By Brian Grady |
Engineering students at Ohio University are trying to find a more efficient and commercially practical way to prevent foreign ships from littering the Great Lakes’ water with invasive species.
Tanks crawling with small snails and water fleas are set up in labs in the basement of Stocker Hall on OU’s campus, awaiting student experimentation. By April, the student team will have research findings and a short business plan to present to judges at the New Mexico State University Environmental Design Contest 2012. They are one of 23 teams competing in the national contest.
“[The contest organizers] are offering educational opportunity, and applying it to something that might right now benefit people,” said Associate Professor of Chemical Engineering at OU Daniel Gulino. Gulino explained corporations and government agencies such as the Department of Energy and the Department of Defense contribute money and expertise to the competition, acting as sponsors and judges.
“Most of the tasks are proposed by the sponsors, because the sponsors have that issue,” he said.
There is a list of tasks and challenges to choose from. This year, however, students were given the option to choose an Open Task that aligns with their own interests.
Having grown up just south of Toledo, senior Chemical Engineering major and team leader Alisa Bishop was immediately drawn to the Great Lakes.
“My science fair project my freshman year of high school was about the technologies used to clean the water,” said Bishop. According to her, the current technologies are not effective enough.
Bishop explained that the invasive species problem originates with ballast tanks. Ballast tanks provide balance to ships with low cargo, and collect and release water, depending on the ship’s load.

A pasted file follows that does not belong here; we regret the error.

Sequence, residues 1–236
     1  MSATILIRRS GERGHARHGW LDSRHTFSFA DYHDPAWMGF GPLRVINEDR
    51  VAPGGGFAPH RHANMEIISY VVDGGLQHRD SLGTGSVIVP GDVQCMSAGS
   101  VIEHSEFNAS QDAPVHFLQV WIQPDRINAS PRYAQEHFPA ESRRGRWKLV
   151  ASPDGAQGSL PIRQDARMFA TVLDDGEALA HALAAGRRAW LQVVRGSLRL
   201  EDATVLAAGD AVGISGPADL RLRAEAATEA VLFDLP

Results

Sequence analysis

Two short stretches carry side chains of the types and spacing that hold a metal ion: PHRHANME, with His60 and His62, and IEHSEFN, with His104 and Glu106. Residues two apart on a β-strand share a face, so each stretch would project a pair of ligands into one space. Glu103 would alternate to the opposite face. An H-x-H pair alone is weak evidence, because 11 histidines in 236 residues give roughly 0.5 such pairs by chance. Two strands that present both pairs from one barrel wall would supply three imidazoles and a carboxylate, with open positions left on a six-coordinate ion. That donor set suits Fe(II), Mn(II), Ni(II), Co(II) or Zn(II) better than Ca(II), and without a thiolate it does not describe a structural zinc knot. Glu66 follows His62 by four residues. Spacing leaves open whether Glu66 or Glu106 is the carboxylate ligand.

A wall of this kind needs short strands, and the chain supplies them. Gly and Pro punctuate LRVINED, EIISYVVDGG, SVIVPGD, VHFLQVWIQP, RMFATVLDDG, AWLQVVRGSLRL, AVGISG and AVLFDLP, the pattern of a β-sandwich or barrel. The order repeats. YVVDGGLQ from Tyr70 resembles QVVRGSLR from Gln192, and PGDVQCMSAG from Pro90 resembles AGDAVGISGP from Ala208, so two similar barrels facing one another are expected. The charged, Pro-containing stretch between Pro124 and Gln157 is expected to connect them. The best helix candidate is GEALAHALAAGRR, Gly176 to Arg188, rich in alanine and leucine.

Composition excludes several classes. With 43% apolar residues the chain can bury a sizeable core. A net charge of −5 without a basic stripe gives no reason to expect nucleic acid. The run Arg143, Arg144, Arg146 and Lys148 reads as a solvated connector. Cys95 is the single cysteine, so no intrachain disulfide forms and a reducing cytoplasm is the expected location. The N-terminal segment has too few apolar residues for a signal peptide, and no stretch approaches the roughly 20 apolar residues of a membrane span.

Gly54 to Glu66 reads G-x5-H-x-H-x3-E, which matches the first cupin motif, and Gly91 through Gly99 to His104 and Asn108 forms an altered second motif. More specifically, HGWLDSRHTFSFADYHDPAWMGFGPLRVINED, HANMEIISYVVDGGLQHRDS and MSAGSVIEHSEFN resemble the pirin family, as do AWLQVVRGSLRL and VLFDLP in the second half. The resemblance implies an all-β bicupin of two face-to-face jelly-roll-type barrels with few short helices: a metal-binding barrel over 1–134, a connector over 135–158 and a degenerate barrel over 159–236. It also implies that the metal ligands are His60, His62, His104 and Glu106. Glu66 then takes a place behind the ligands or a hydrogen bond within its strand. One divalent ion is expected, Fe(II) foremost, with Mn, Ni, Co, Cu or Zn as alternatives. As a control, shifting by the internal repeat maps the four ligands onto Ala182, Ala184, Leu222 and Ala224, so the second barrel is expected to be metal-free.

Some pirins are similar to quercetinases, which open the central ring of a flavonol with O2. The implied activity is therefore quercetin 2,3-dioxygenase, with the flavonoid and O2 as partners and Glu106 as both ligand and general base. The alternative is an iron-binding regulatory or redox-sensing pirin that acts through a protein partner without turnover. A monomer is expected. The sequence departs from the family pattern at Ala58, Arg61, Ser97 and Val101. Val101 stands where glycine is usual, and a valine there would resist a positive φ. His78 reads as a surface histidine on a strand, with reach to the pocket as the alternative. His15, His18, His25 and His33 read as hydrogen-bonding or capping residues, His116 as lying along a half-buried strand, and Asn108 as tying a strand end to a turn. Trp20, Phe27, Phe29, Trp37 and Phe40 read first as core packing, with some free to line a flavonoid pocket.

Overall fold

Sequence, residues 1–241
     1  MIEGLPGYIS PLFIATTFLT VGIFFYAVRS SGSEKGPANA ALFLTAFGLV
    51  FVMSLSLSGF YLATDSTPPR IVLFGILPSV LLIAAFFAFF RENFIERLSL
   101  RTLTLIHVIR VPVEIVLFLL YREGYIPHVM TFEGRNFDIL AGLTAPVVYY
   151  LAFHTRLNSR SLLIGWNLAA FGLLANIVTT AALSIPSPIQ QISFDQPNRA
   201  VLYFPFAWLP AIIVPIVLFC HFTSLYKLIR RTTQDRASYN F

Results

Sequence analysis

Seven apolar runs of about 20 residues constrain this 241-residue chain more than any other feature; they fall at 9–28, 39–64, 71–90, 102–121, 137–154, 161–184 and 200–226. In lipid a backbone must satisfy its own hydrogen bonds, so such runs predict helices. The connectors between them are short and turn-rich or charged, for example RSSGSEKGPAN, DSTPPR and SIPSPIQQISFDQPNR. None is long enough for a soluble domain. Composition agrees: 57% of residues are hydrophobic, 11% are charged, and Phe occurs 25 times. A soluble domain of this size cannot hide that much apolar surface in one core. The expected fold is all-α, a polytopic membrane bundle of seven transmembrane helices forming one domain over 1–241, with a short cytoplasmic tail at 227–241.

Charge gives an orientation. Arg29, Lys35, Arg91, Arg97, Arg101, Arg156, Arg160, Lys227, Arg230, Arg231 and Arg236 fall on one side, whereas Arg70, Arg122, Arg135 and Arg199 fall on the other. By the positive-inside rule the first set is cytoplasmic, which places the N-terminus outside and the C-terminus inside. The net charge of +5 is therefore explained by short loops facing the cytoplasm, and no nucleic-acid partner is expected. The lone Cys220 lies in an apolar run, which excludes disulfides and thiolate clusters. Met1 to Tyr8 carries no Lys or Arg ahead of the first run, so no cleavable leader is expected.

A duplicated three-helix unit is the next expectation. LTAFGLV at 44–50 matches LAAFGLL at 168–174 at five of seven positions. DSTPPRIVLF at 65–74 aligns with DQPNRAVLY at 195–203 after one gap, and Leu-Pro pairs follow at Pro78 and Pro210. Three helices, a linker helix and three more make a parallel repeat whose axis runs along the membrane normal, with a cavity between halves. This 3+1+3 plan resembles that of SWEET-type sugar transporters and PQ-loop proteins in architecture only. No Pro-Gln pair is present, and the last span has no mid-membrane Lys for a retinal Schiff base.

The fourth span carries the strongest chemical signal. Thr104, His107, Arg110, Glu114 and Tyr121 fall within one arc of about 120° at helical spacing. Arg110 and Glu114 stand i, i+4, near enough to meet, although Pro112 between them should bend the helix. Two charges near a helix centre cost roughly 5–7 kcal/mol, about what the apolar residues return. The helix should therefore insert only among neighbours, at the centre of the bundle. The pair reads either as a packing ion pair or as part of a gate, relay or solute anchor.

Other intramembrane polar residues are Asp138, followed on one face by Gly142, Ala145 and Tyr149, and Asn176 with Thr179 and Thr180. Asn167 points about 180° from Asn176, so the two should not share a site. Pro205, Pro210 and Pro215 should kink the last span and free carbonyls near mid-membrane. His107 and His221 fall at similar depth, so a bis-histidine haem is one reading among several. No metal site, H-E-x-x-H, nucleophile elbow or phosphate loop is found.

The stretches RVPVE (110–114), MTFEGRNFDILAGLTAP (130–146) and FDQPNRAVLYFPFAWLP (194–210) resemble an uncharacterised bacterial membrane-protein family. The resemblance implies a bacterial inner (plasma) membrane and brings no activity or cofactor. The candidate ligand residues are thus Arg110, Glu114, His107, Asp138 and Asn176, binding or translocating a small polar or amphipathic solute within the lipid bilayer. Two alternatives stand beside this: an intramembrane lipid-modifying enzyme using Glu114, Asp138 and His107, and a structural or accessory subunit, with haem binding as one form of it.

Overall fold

The ballast tanks on ships inadvertently transport invasive species, moving freshwater species from across the world into the Great Lakes. Because these invasive species threaten the Great Lakes’ natural environment, the Environmental Protection Agency has issued regulations.
“The government has in place that you have to, in the middle of the ocean, swap out your water, so you put the fresh water into your salt water and put the salt water into your ballast tank,” said Bishop. This works pretty effectively, but it doesn’t kill everything, and there’s not really anyone checking that they’re doing this, so you can get around it pretty easily.”
Bishop’s goal is to create a technology that’s cost effective to retrofit to the ship, so that ships will meet environmental shipping standards and be ready in case of an EPA crackdown. The student team is also working with faculty in the Voinovich School to develop a strong market analysis and plan.
“In engineering school you are taught to do all these equations and different math problems to find the most effective way of doing something and it’s not really until your senior year that you’re taking economics into consideration.”
The grand prize for winners is $2500, and is channeled back to the university to help fund the following year’s research, and the trip to New Mexico.